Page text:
Waiters Get A Raw Deal In US Restaurants
Everything has changed around restaurant waiters since the past few decades - be it the face of restaurant business, dishes being served, or the profile of patrons. One thing, however, has remained constant even through the change of a millennium - their wages, which can only be called a raw deal for poor waiters. In fact, these poor waiters do not even have basic health covers because the plans offered to them are not affordable enough. In all this scenario, they just hope that they do not fall sick because after having paid their salaries in taxes, they just have the tips to fall back on. Read on to know more about their plight:
1) Savings! What's That?
A female waiter, who has not had health care coverage for many years now because of unaffordable plans offered to her by the restaurants where she worked. Listen to what she has to say about her future, "I can't even think about retirement. I'd go into shock." This is because the wages have been so less, and stagnant, for so long, that it does not occur to waiters like her to think about saving for the future. The last time federal government hiked the wages for the waiters was in 2009, when the minimum wage was kept at $7.25 an hour. However, that has not really helped majority of the people working as waiters.
2) Stagnant Wages
While the cost of living has constantly been rising in America, the waiters’ wages are not. The US Congress has last raised the ‘tipped minimum wage” for waiters to $2.13 per hour and that was in 1991. Since 1966, a large section of waiters in the US have been living off this minimum wage and while some states have chosen to raise the minimum wage on their own, almost half of the states still don’t have any law against restaurants paying their servers $2.13 an hour.
3) The Daily Struggle
On their part, restaurants are doing little to improve the situation and they continue to justify the tipped minimum wage of $2.13. Therefore, the onus of the daily struggle falls on the shoulders of poor servers, most of whom are not even aware that they can ask their employers to make up for any shortfall in their minimum wage if they cannot make it up with the tips in hand. One such waiter, who has worked several shifts at a Latin American restaurant in Washington, D.C., ended up making anything between $300 and $400 a week while waiting tables. However, during the difficult times when her weekly wages did not even turn up to be $200, she had no knowledge that she could ask her boss to make up her minimum-wage gap. Instead, the poor lady was forced to make ends meet with the meager wage packet. Most of the restaurant jobs are poor in terms of pay packet. With an average wage packet of $18,130 for food and beverage workers in last two years, it is not surprising to know that many waiters are forced to live below the Federal poverty line. That, perhaps, is the most disgusting aspect of the story. To realize that people are so against the tipping culture, may be this would give you a reason to think differently.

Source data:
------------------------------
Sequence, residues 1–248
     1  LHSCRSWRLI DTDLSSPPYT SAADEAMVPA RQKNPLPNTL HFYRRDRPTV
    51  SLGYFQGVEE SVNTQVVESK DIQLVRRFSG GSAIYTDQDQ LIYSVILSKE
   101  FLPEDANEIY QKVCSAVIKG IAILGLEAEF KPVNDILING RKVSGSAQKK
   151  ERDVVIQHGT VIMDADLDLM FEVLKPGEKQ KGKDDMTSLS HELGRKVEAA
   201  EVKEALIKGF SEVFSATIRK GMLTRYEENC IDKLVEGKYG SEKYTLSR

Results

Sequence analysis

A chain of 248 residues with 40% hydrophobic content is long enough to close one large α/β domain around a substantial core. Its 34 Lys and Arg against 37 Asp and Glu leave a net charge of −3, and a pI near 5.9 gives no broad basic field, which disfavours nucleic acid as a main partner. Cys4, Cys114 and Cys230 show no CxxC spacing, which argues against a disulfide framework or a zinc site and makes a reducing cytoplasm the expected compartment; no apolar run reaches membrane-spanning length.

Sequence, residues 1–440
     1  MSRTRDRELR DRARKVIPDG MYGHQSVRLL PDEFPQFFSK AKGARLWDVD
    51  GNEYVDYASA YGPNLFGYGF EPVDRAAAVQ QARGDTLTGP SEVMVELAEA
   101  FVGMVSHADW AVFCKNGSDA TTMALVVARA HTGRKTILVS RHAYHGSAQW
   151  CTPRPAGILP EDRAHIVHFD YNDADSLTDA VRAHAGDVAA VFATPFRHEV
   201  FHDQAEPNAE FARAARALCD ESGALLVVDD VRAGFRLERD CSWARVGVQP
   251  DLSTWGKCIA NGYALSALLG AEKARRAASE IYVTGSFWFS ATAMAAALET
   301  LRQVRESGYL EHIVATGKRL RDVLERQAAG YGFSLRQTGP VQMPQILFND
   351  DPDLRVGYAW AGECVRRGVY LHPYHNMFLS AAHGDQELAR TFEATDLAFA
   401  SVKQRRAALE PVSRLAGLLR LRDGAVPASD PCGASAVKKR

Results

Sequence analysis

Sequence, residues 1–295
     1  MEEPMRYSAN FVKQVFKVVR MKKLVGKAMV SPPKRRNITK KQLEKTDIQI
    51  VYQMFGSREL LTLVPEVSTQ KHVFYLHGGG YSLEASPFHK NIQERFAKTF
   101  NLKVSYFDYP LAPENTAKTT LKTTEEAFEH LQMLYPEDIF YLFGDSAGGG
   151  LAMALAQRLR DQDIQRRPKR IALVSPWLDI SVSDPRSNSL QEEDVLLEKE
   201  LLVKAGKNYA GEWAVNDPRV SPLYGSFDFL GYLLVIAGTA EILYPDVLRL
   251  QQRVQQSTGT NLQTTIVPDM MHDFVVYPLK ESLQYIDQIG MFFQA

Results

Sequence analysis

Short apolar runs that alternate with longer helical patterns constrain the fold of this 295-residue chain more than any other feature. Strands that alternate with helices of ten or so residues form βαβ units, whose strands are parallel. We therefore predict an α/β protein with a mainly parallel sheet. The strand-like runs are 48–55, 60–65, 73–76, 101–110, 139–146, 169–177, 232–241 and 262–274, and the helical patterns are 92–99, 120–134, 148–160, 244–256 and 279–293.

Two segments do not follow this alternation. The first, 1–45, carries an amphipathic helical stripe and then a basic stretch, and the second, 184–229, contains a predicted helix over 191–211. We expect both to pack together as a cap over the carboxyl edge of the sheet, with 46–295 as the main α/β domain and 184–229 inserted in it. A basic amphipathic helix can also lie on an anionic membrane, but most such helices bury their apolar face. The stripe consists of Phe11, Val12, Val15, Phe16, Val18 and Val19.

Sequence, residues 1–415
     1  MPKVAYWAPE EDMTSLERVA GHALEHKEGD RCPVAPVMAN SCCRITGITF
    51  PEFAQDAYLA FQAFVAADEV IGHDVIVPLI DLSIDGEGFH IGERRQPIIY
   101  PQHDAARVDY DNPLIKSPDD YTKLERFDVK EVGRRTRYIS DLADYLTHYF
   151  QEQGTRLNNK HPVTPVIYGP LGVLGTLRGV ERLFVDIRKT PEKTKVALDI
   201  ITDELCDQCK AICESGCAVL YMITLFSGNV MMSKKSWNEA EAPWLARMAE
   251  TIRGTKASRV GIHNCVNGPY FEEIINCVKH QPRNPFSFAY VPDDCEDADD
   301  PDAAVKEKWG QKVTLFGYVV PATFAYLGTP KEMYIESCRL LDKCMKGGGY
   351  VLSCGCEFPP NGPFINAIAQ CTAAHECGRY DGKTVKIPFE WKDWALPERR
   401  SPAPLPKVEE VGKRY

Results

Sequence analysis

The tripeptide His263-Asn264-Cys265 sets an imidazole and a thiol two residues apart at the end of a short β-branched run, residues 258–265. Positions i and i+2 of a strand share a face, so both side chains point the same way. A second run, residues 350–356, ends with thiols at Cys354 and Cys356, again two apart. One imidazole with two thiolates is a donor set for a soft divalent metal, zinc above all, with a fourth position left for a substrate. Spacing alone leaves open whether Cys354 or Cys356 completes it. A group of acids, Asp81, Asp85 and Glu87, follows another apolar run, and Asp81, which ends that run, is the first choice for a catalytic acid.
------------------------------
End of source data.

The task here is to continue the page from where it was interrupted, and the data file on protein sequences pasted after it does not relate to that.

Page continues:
4) Living on Tips
Thanks to the restaurant lobby in America, the tipped wage has been constant for the past two decades now, at federal as well as many states’ levels. While in 1996, the then President Bill Clinton got the House Republicans to vote for a wage hike, the restaurant industry representative, “National Restaurant Association” (NRA), made it sure that the lawmakers kept the minimum wage of tipped employees separate from the wage hike and just at $2.13. Jen Kem, a coordinator at the National Employment Law Project, which advocates the cause of low-wage workers, including waiters, explains the outcome, “I don’t think anyone knew at that point that it was a permanent deal. As these things happen…they become ingrained. They succeeded in creating this second-class wage system, and people accepted it as the way it’s always been.” Since then, the restaurant industry has not bothered to pay their waiters anything beyond the tipped minimum wage, and it surely looks like a huge injustice being meted out to the waiter fraternity.
5) The Future can be Bright
With the restaurant business, in addition to the retail sector, being the only bright spot in the aftermath of a recovering economy, it is no wonder that advocates for the low-wage workers are of the opinion that the restaurant owners can easily withstand a substantial increase in the tipped minimum wage of the waiters. Looking at the NRA prediction that the 2012 sales forecast for restaurant industry would go up to $632 billion and the industry would generate about 13 million jobs, it doesn’t seem so difficult an objective to achieve. Sylvia Allegretto, a labor economist, working with the University of California, describes the situation that the restaurant waiters are facing, “This is part of the stagnation we’ve seen for all workers over the last 20 or 30 years. This industry is growing by leaps and bounds, but it’s not paying a good wage. The fact is we have millions of workers in this industry, and a few of them do fairly well – mostly men, at high-end restaurants.” She cannot resist but question, “Why should this industry benefit so much from this artificially low pay that’s instituted?”
A large portion of men and women who work at restaurants, waiting our tables, are honest and hardworking individuals trying to better their living standards. When America celebrated the “National Waiters and Waitresses Day” on May 21st this year, hardly anyone paid notice to their plight. Although, as an individual, you cannot be expected to pay more than a generous tip to your server, next time you are out in a restaurant. But maybe your server would feel a little better, if you are good to him or her.
Video Courtesy: youtube.com